Roger Housden is the author of Dropping the Struggle and numerous other books, including the best-selling Ten Poems series, which began in 2001 with Ten Poems to Change Your Life and ended with Ten Poems to Say Goodbye in 2012. He offers writing workshops, both in person and online, with an emphasis on self-discovery and exploration. Visit him online at http://www.rogerhousden.com/.

Excerpted from Dropping the Struggle: Seven Ways to Love the Life You Have. Copyright © 2016 by Roger Housden. Printed with permission from New World Library.

Link to Dropping the Struggle: Seven Ways to Love the Life You Have

Inspirational Quote for September 27, 2016

“In the practice of tolerance, one’s enemy is the best teacher.”

Made me smile because, although it took me a minute to make sense of, it then made perfect sense. Let’s face it who would test your tolerance more than your enemy? Nobody, that’s who! Just by learning to deflect or deal with whatever comes at you from someone who doesn’t regard you as “flavor of the month”, in a calm and mature way, will test your tolerance limits big time. So you should be thanking whoever it is in a way, shouldn’t you, for teaching you to be the tolerant person you are today. Well, maybe not!

by CathiBew.co.uk

From Royalty to Relics: India's Dinosaur Princess

Known as India's very own "Jurassic Park," the Balasinor Fossil Park lies nestled in the tiny Raiyoli village of Gujarat's Khera district. And guarding the Park's 65-million-year-old eggs is a fiercely passionate, dinosaur-loving former princess, Aaliya Sultana Babi. Aaliya fell in love with the fossil beds when she was a teenager and is now an enthusiastic promoter and protector of the precious and awe-inspiring site.

Fierce Contemplation: The Nuns Who Stopped a Pipeline

On August 8, 2013, Ceciliana Skees and other sisters from Loretto and several other convents attended an informational meeting held by representatives of the Bluegrass Pipeline. A joint venture between Williams and Boardwalk Pipeline Partners, the project would have transported natural gas liquids from fracking fields in Pennsylvania and Ohio southwest across Kentucky to connect with an existing pipeline to the Gulf of Mexico, with Loretto's land directly in its path. Frustrated with what they saw as a lack of helpful information, several of the sisters, including Skees, gathered in the center of the room and broke into song. A video of the sisters singing "Amazing Grace" was picked up by media outlets, and reached hundreds of thousands of people. Read on to learn more about these active nuns, and how they stopped the pipeline in its tracks.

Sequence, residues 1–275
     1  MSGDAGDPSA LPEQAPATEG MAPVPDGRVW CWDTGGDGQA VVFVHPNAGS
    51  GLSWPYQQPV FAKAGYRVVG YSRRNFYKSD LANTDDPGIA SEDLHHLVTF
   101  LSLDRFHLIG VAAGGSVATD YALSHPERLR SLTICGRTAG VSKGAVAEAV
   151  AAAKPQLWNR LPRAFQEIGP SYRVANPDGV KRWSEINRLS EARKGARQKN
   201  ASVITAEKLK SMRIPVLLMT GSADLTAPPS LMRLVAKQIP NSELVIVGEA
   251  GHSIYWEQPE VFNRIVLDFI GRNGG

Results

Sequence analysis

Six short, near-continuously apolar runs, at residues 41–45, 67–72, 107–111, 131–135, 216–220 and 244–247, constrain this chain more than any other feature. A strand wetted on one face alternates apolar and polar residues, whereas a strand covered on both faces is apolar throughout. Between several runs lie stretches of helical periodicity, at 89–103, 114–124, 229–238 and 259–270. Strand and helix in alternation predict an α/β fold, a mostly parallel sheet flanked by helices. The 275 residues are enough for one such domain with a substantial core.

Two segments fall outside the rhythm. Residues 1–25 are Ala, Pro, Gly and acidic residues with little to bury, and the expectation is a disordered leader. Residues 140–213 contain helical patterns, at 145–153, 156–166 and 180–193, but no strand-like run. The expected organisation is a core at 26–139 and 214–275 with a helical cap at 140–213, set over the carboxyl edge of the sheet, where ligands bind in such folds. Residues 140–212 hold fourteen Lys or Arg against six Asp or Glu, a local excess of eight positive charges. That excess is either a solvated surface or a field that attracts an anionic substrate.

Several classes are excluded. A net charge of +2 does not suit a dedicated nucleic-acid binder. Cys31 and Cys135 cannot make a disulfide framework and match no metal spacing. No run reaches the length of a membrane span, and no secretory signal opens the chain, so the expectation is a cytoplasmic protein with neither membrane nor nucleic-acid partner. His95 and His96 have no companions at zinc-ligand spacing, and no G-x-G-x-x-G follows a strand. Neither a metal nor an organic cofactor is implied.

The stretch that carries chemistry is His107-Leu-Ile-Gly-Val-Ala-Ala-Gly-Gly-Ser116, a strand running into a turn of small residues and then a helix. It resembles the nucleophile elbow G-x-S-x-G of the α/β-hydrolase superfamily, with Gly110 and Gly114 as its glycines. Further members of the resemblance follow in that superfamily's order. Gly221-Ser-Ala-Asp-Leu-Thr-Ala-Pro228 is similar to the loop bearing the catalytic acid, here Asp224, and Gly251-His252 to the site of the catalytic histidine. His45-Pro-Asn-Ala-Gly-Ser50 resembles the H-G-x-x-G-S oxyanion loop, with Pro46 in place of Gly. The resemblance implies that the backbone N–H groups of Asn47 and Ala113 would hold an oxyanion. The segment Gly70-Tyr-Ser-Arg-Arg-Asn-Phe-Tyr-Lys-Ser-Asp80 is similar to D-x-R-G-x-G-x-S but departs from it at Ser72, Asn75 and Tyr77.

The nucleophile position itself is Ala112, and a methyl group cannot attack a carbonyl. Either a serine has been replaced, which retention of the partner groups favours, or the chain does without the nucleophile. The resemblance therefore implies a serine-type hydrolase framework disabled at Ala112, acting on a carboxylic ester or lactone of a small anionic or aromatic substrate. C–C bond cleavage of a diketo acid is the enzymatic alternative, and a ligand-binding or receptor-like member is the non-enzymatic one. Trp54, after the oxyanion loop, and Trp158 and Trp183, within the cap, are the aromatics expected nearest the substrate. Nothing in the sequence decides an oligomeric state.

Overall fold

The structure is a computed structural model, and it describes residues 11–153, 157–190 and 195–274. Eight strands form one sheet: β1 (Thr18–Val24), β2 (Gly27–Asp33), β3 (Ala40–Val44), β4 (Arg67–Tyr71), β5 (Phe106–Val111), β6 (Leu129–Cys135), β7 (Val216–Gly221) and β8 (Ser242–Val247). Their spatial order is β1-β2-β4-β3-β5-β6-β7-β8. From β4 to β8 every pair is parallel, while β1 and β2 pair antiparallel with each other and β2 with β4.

Sunday, September 25, 2016

6 Ways Binge Eating Can Hurt Your Health

Weight Gain and Obesity

If you eat a lot of food in a short amount of time on a regular basis, you might have binge eating disorder (BED). It can affect your health in a lot of ways, but two of the main risks are weight gain and obesity. Two-thirds of those with BED are obese, though average-sized people can have it, too.

What to Do About the Extra Weight

Set a goal to shed those added pounds. You can reach a healthy weight with exercise, portion control, and smart food choices. But you might need a special program that also treats eating disorders. Your doctor can help you find the right one.

Type 2 Diabetes

Overeating can lead to diabetes. That means your body can’t use the hormone insulin correctly, which makes your blood sugar levels harder to control. Over time, this can damage your kidneys, your eyes, and your heart.

How to Handle Your Diabetes

The more you know about diabetes, the better you can take control of your condition. You’ll need to keep track of your blood sugar levels, eat a healthy diet, and get plenty of exercise. You may need medication to manage the disease, but not everyone does.

Depression and Anxiety

Binge eating disorder often goes hand in hand with mood troubles. Doctors think many things can lead to BED, so it’s hard to say for sure that depression or anxiety cause it. But people who binge eat often feel shame and guilt about their problem. Most try to hide it.

How to Manage Mood Disorders

Eat nutritious food, exercise, and get your ZZZs, because healthy habits like those can help you fight your anxiety or depression. But treatment for BED also might include sessions with a mental health professional, who could recommend talk therapy, antidepressant medications, or other medicines that can help treat binge-eating behavior.

Troubles With Digestion

Long-lasting heartburn and irritable bowel syndrome (IBS) can also happen to people who binge eat. Those issues are often linked with weight gain and obesity, so doctors aren’t sure if the disorder itself or the excess pounds are to blame.

Treatment for Heartburn and IBS

Heartburn that doesn’t get better can cause serious issues, including damage to your esophagus, the tube that connects your mouth to your stomach. See your doctor if you have it twice a week or more. She might give you prescription meds or tell you to see another doctor who specializes in digestion. For IBS, a healthy diet and cutting stress can help, but you may also need medication.